This 90-Year-Old Has Knitted More Than 2000 Hats for Newborn Babies

Courtesy Cleveland Clinic
Courtesy Cleveland Clinic

Since 2009, 90-year-old Barbara Lowe has been a fixture at Hillcrest Hospital outside Cleveland, but she's not a patient. Almost a decade ago, the Mayfield Heights, Ohio, resident took it upon herself to begin knitting tiny hats for newborn babies delivered at Hillcrest, and has now delivered 2252 hats and counting, according to ABC News.

Lowe lives in a senior living complex across the street from the hospital, so it was an easy jump to go from whipping up hats for the children of her family and friends to delivering teeny headgear to the maternity ward.

Seven pastel knit caps lie on a wooden table.
Courtesy Cleveland Clinic

Using fine baby yarns, Lowe makes ribbed hats with a brim and a detachable flower, spending around four hours on each one. They come in a variety of pastel colors. Lowe is known around town for her work with the hospital, and the manager at the Michaels store she buys her supplies from gives her a discount on the yarn she uses for hospital caps.

"It's my therapy," Lowe told ABC News. "When you're 90, you've got aches and pains. You don't want to think about it. Well, you're not thinking about it if you're concentrating on what you're doing."

Lowe learned to crochet and sew as a child, and later taught herself to knit. She considers it a "dream" to be able to give back to her community by gifting the hats to new parents and their bundles of warm-headed joy. According to the hospital, the hats do more than just keep babies toasty after their first bath—they provide a teaching opportunity to help new parents learn how to keep their babies feeling warm, as a hospital official told Cleveland.com.

[h/t ABC News]

Behr Will Pay Someone $10,000 to Travel the U.S. and Canada in Search of New Paint Colors

Rainbow Row in Charleston, South Carolina
Rainbow Row in Charleston, South Carolina
iStock.com/RiverNorthPhotography

Want to add a bit of color and excitement to your life? Behr has just the opportunity for you. The company wants to pay a “Color Explorer” $10,000 to visit vibrant destinations across the U.S. and Canada in search of new hues that will ultimately be turned into actual Behr paints.

“The Behr Color Explorer will kayak the glacial blues of Lake Louise in Banff [Alberta, Canada], people-watch at a vibrant music festival, take in the bold exteriors of Charleston’s Rainbow Row, and experience many more moments of positively pigmented wanderlust in between,” Behr writes in its job description.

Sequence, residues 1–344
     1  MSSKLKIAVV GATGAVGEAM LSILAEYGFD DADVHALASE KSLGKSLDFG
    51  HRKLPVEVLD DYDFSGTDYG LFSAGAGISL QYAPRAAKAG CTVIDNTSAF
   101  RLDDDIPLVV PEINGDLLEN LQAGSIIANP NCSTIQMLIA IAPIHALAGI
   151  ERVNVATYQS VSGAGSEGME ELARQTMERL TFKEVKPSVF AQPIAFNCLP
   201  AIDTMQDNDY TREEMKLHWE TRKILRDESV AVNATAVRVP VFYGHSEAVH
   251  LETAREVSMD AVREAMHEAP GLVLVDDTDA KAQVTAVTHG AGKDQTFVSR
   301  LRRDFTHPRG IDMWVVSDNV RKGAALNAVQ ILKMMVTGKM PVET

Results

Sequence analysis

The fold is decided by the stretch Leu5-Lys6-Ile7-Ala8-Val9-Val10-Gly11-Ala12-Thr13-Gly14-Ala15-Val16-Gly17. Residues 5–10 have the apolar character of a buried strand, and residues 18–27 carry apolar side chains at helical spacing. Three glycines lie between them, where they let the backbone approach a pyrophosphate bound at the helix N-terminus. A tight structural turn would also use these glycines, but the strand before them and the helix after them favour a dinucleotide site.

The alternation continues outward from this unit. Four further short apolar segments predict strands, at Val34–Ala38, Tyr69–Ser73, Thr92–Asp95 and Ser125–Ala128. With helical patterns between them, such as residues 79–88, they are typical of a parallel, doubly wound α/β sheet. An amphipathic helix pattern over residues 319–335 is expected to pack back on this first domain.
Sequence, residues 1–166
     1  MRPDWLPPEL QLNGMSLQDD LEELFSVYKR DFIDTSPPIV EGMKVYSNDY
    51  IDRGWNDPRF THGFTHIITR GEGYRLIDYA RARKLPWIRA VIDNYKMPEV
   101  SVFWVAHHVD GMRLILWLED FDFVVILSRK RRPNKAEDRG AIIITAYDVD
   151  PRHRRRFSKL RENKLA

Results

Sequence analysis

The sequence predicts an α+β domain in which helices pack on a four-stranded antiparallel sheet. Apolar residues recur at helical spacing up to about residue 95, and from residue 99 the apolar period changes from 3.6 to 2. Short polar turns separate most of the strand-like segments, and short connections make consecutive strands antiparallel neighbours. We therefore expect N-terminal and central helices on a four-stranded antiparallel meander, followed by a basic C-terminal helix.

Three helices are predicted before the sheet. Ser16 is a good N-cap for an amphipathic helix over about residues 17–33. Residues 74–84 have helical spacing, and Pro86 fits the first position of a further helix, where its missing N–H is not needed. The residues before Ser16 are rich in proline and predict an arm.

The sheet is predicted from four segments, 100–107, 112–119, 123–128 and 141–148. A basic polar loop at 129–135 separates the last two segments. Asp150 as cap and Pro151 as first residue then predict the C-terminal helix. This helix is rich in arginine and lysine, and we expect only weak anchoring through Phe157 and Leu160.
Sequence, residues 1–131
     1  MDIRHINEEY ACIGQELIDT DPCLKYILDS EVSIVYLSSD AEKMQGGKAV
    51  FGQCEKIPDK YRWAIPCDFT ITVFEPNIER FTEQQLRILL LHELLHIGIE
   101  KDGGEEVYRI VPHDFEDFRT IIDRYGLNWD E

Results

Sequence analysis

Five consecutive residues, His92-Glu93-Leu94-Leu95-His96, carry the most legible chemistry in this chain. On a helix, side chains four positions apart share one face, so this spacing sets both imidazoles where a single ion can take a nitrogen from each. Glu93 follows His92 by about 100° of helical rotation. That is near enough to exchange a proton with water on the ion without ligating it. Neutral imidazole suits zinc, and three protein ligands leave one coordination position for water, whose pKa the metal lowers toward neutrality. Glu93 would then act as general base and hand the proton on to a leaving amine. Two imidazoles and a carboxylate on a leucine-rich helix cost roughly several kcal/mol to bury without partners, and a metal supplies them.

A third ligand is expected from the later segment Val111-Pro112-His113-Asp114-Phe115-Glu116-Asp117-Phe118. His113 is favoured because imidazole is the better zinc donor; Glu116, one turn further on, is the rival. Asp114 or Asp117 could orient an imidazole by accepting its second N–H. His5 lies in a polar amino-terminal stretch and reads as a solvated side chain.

Throughout their trip, the Color Explorer will take field notes and plenty of photos, and document their experiences on Behr’s blog and social media. After seeing all there is to see, this person will head to the company’s headquarters in Orange County, California, to work with Behr's marketing team on naming the new colors they uncovered.

Behr's paint names tend to range from the alliterative (see: “Bali Bliss” and “Barely Brown”) to the poetic (“Moth’s Wing”) to the straightforward but still somehow evocative (“Wheat Bread” and “Swiss Coffee”). The company's color of the year for 2019 is called Blueprint.

The ideal Color Explorer will be adventurous, interested in color, and knowledgeable about the latest trends, according to Behr.

In addition to providing a $10,000 stipend, the company will also cover all travel expenses, accommodation, and experiences. Would-be explorers can apply for the gig on Behr’s website by writing a short description of the color that inspires them most before the May 15 deadline. Applicants must be at least 21 years old and residents of the U.S. or Canada, and they must also have a valid passport.

Connecticut Bill Will Make Baby Changing Tables Accessible to Both Women and Men

iStock.com/tzahiV
iStock.com/tzahiV

Most parents know how hard it is to bring infants out in public, but dads face an extra challenge when it's time to change their kids' diapers. If buildings do provide baby changing stations, they're usually limited to women's restrooms, leaving male parents in a difficult situation if they want to perform a basic act of childcare outside their home. As NBC Connecticut reports, Connecticut is the latest state to fight this trend with a bill that mandates changing stations in all new restrooms regardless of gender.

If the bill is passed, it will require that diaper changing stations be made accessible to both women and men in all newly built or substantially renovated public or commercial buildings with one or more public bathroom. The state's Senate voted 34-2 in favor of the bill on April 17, but it still needs approval from Connecticut's House of Representatives before it becomes law.

In addition to helping single dads and dads who share childcare responsibilities with their female partners, Democratic Senator Will Haskell says the bill would also make life easier for gay couples with children. Without such laws, men are often forced to changed their kid's diapers on floors, benches, or counters.

If Connecticut passes the bill, it will join New York in requiring changing tables in all new public restrooms. Thanks to a law signed by President Obama in 2016, changing tables are also mandatory in federal buildings open to the public.

[h/t NBC Connecticut]

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